Granting that it may certainly be true that curating exciting or sensational exhibitions is a legitimate attempt to strengthen the position of the cultural sector against the increasing competition of the entertainment industry and other fields of leisure activities, I would like to push the argument in a somewhat different direction by stating that the growing attention for aesthetic experiences indicates a shift in the traditional museum sensibility, which expressly surpasses inventing new business models or reaching broader audiences. Moving from marketing and economics into the fields of cultural studies and museology, I propose that the current trends in museum display should rather be understood as a critical inquiry into the foundations of the twenty-first-century museum through the reassessment of its position in a digital and completely mediatized culture. The academic field of museum studies is nonetheless still mostly centered around the well-known assumption – stemming from postmodernism – that the daily work of museum professionals is embedded in an underlying system of cultural values and political beliefs that should be critically assessed and openly discussed. Consequently, especially within ethnographic and historical museums, there has been a continuous reflection on stereotypical and thus stigmatizing representations of ethnicity, gender, sex and class in the context of the gallery space. The inevitable result is an almost endless series of self-critical and self-referential exhibitions, research papers, conferences and mission statements.
Acknowledging the necessity of a radical examination of the gallery space in terms of power relations, dominant discourses and the production of knowledge, I am nevertheless inclined to follow Simon O’Sullivan (2006) in the assertion that the very radicality that underpins even the most fruitful and productive insights has almost become a new kind of orthodoxy in itself. Moreover, as O’Sullivan also stresses, its resources are hardly relevant to studying the twenty-first-century museum, since artistic practices and technologies of display increasingly operate beyond textual paradigms and representational regimes. Along with that, as Simon Baker rightly argues, we have nearly reached the limits of conceptualism, which is clearly evidenced by the merely ornamental parody of criticality that has characterized the museum of contemporary art in the first decade of the twenty-first century. Therefore, aligning myself with O’Sullivan and Baker, I feel that we should rather be investigating as to what kinds of alternative strategies might force themselves into play beyond the threshold of conceptualism, the fallacy of representation and the presumed self-evidentiality of deconstruction. My preliminary answer would be that both audiences and institutions are currently moving in the direction of re-aestheticizing the museum in the etymological sense of the word by expressing a renewed interest in materiality and sensuous perception, thereby highlighting the fact that “the same material operates with different logics depending on our attitude and approach to it” (O’Sullivan 2006: 19). Instead of necessarily organizing artworks, historical objects or ethnographic artifacts into a narrative sequence – the history of art, the evolution of life on planet earth, the biography of the Other – paying attention to the singularity of any particular object in a collection allows for an aesthetic experience that is opposed to the centralized, monolithic and canonical type of display that is typical of conventional heritage institutions. The museum object then changes into an object of an encounter, which does not seek to reconfirm pre-existing facts, beliefs and values. Rather, as O’Sullivan explains, a genuine encounter is challenging and unsettling. Additionally, when objects are removed from their usual context and perhaps recombined with pieces that appear to have no logical connection to it, museum visitors are encouraged to use their imagination to link the individual objects together and, in the practice of doing so, to retell familiar stories through “the creative construction of new narratives” (O’Sullivan 2006: 145). These personal tales are often oscillating between fragmented, highly personal tales and ‘grand’ or epic narratives, between factual learning and embodied knowledge, between past traditions and a mythopoetic future, between confirmation and distraction. Processes of identification or recognition are, in other words, continuously alternating with moments of disruption, thus drawing attention to the fact that metamodern encounters with a museum object entail “not just a reorientation in the object but a reconfiguration of the subject as well” (O’Sullivan 2002: 85). With regard to the experience of visiting the Van Abbemuseum, I would like to stress that these encounters also require the reconsideration or re-introduction of a notion of conceptualism that is firmly rooted in the material, as well as a museum practice that, above all, refers to something other than itself. Precisely through the atopic praxis of both-neither systematically ordering and-nor radically displacing the collection, the metamodern museum becomes a site – a placeless place – that is concerned with the non-committal exploration of alternative realities, which supplement the preservation of the past with a future presence that is futureless.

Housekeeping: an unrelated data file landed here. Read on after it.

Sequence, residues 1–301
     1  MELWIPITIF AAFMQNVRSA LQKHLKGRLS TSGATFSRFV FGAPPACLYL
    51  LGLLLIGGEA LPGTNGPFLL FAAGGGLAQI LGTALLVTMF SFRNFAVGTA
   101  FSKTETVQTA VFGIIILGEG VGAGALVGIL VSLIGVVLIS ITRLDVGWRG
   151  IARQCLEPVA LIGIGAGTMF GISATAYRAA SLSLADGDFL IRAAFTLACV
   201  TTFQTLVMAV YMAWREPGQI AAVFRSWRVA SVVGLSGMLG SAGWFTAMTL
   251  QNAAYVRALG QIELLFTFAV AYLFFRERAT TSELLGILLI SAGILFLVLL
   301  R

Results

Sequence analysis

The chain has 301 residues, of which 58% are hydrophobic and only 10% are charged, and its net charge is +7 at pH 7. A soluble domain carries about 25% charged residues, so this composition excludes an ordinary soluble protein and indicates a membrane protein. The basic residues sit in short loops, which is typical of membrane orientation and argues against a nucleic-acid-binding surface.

Douglas Kellner (2005) ‘Media Culture and the Triumph of the Spectacle’, in: Geoff King (ed.) The Spectacle of the Real: From Hollywood to ‘Reality’ TV and Beyond. Bristol: Intellect, pp. 23-36.
Simon O’Sullivan (2006) Art encounters Deleuze and Guattari: thought beyond representation. Basingstoke: Palgrave Macmillan.
Simon O’Sullivan (2002) ‘Cultural Studies as Rhizome – Rhizomes in Cultural Studies’, in: Stefan Herbrechter (ed.) Cultural Studies: Interdisciplinarity and Translation. Amsterdam: Rodopi, pp. 81-93.
B. Joseph Pine II & James H. Gilmore (1999) The Experience Economy: Work is Theatre and Every Business a Stage. Boston: Harvard Business School Press.
Gregory Seigworth (2006) ‘Cultural Studies and Gilles Deleuze’, in Gary Hall & Clare Birchall (eds.) New Cultural Studies: Adventures in Theory. Edinburgh: Edinburgh University Press: 107-126.
In 2010 Museum Het Valkhof in the Dutch city of Nijmegen promised its visitors to offer a startling viewing experience by presenting a hundred objects from its main collection in a strangely new way.